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Tom Wilson

Practice-Based Inquiry®

Brings Solutions to Education Reform Dilemmas

Evaluates Teacher Performance Effectively and Fairly

The recent shift to include measuring teacher performance in accountability policy moves school assessment closer to generating information about the quality of practice a school actually provides its students in support of their learning.

But, current attempts to develop ways to assess teachers are badly tripped up by the same set of faulty methodological assumptions that have marked the conceptual landscape of education assessment since the 1920s.

Effective, fair and thoughtful measurement of how well teachers teach requires actual observation and discussion with teachers about what they do. Methodological legitimacy is built from an understanding, rather that an avoidance, of what is being measured. Testing and most other approaches to measuring school performance assume it is more precise to avoid the complexities of actual teaching and learning. What teachers and local school administrators do during a school day as professional practitioners is complex, alive and greatly varied for multiple reasons. It succeeds best when it works with the particulars of students, subject and that day in a school. Thus an understanding of the context of a particular action is critical to understanding the meaning and value of an action. Understanding an action in its context is basic.  It is elementary to making judgments of value or progress. It is the basis for building valuable recommendations (or requirements) for how the teacher, student or school should move forward. At the end of the day, the complexity of school action considered within its context cannot be handled legitimately with a method of analysis that is limited by analysis based on data consistency, prescriptions or simple-minded algorithms.

Mired in the false belief that valid educational assessment can take place only when testing methodologies are employed, attempts to design fair and valid assessment of teachers at work have been mostly ludicrous. Schemes to assign numbers to discrete bits of practice, to calibrate scales against written standards, to ensure consistency of observations between observers, to create massive data bases all seek to remove professional judgment from the process, all seek to increase "objectivity" and assure the building of computer-centric data systems, all seek to be understood and controlled by statistical experts. Practitioners and the public are told to accept these schemes in the name of precision and objectivity. But, their value in generating judgments that have meaning or recommendations that are based on words rather than the latest organizational ideology is low.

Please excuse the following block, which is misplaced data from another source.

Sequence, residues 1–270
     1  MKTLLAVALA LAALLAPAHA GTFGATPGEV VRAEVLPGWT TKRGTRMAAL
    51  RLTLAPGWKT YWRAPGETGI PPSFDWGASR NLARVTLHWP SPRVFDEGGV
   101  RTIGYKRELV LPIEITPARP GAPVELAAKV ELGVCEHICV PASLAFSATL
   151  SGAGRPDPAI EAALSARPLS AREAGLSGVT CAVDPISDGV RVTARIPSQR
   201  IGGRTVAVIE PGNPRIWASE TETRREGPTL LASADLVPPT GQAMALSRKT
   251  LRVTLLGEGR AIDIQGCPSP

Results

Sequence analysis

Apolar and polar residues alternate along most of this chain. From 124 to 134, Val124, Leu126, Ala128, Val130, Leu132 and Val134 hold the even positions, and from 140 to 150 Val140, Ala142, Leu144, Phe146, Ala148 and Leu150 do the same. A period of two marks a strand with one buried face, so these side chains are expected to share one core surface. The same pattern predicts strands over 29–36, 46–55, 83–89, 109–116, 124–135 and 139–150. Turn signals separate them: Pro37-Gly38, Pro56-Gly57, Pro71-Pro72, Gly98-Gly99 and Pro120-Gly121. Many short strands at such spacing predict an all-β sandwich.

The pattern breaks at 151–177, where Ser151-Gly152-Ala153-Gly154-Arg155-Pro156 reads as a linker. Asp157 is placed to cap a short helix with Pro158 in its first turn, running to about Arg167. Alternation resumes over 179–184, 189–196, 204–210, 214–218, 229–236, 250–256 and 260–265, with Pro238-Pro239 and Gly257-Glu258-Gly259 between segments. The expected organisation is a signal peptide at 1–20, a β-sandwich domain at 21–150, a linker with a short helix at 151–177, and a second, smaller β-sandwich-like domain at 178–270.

Practice-Based Inquiry takes on these methodological issues. Evidence is dynamic; professional judgment is used as a research tool and agreement of legitimate findings is by deliberated consensus. While Practice-Based Inquiry has been tested and implemented as a methodology to assess overall school performance. Because it does provide a different methodology aimed at judging practice in context, its principles and technology provide a new basis for building new and much more valid systems for fairly measuring and judging individual  teacher performance. In addition, Practice-Based Inquiry is consistent with major modern developments in how to conduct social science research and how to study practice. Finally, it is built from a long international tradition of studying schools so it is not just a conceptual approach cobbled together by consultants looking for a new marketable approach.


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